It felt completely normal (I’ve always walked fast). I freaked one of the nurses out on my next walk. You know those little yellow signs that are put on floors after they’ve been mopped that say “Caution – wet floors”? As I approached one, I decided to lift my leg up over it so it appeared that I was stepping over it (but I was really sort of waving it in the vicinity). It’s possible that the fact that I was wearing a hospital gown made it look more dangerous than it was, but I think that if such a thing existed, I would have gotten the “Best Walker” medal in the ICU.
The only time I didn’t feel normal was toward the end of my stay in the ICU when they told me that a room was opening up for me in the hospital and they put me in a hall somewhere that had me looking through a window back into what I think was the ICU. It began to look like a building and I was sure I saw a UFO hovering over it. This is a closeup shot of what I saw, so you’ll have to imagine it as a small part of a larger picture:
I don’t know how they medicated me that day, but I guess it was to keep me from running around the ICU. And I wound up waiting for nothing – the hospital room didn’t open up until the next day.
So now I’m out of the ICU and in the hospital proper in a private room and after my first night there, I wanted to go back to the ICU.
Daytime wasn’t too bad, but trying to sleep at night was horrible. My bed was right by the door and you were not allowed to close that door. The daytime hustle and bustle of a hospital was to be expected and it DID slack off in the evening, but that first night was miserable.
It appeared that a room down the hall was being converted at around midnight to some other use that involved machinery. I can’t be sure what it was, but it was quite noisy and involved a bunch of young hospital workers who sounded like they were unaware that there were patients nearby who were trying to sleep. It was almost a party atmosphere.
I mentioned this to someone who I thought might have some say in the matter and here’s the reply: “Hey, it IS a hospital, you know”…………….not exactly helpful.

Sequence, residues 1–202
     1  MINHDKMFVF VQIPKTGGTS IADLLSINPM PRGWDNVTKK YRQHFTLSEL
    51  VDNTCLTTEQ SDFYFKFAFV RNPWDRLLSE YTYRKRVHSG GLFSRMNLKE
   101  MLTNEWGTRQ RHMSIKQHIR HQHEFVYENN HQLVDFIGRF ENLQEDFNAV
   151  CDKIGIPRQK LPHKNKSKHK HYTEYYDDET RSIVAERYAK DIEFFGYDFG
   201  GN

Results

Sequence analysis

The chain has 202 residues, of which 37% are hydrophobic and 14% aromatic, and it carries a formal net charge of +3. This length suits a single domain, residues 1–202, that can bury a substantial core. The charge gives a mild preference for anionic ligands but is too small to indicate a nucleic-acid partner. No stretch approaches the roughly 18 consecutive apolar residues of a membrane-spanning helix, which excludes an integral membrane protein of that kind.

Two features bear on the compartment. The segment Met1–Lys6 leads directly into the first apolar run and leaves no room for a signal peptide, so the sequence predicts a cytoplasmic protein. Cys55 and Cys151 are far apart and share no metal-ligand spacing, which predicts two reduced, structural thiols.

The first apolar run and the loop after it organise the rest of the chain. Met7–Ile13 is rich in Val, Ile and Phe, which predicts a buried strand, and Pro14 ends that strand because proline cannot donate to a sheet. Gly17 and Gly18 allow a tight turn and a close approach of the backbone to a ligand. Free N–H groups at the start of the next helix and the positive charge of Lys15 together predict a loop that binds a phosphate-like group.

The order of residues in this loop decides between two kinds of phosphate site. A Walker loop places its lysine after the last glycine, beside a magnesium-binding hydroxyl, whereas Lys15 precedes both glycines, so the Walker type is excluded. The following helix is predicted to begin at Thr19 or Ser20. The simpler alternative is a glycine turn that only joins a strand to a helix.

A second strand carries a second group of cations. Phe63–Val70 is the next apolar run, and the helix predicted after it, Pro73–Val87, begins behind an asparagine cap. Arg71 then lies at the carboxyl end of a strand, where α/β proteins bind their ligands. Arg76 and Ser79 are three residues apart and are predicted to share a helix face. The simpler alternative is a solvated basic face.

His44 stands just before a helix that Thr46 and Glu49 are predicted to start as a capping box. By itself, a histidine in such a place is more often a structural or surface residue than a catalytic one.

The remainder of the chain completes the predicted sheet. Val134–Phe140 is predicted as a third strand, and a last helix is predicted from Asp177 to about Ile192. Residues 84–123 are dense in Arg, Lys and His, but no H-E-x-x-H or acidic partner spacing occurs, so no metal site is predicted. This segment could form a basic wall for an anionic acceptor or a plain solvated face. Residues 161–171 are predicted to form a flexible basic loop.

On the next night, there was a serious problem with a screaming patient. It woke me up and I felt like I was in some sort of altered state…………..and I may have been, but I was never told about taking any medication that would do that.
And – of course – they couldn’t tell me what was going on with the patient, but it was uncomfortable being there at night. And you KNOW something isn’t right when you wish you were back in the ICU because the situation was more comfortable there.
During the day, I could take a couple of pictures out the window, but that was pretty limited, although the third shot was a challenge. Fortunately, I also had my iPad with me and kept myself semi-amused.
Amongst the many buildings that comprise the Hackensack University Medical Center, ONE of them has a helipad – the building that I was temporarily residing in. I could hear the choppers when they landed and took off, but could never actually see them. One of the buildings that faced my window had a lot of greenish-blue glass, so I looked for a reflection……..and saw one that lasted about 2 seconds. I captured it, though I have no idea why the helicopter looks like it’s enmeshed in netting – maybe my camera was under sedation:
The nurses started walking me around and said pretty much the same thing they said in the ICU: “SLOW DOWN!”
They seemed surprised that I could go up and down stairs and decided that it was time to send me to a cardiac rehab facility (CRF).
The way the CRF thing plays out could use some repair. I was aware early on that the next step after the ICU/hospital stay was at least a couple of weeks at a CRF. The cardio told me well in advance that I should visit CRFs to see which one I liked.
“That’s a good idea, but I’m not familiar with any of them. Got a list?”
“No. Call the surgeon’s office for that.”
The surgeon’s office didn’t have one either and told me that a hospital social worker will visit me with a list ON THE DAY BEFORE THE HOSPITAL RELEASES ME AND I HAVE TO PICK A CRF QUICKLY WITHOUT VISITING ANY OF THEM!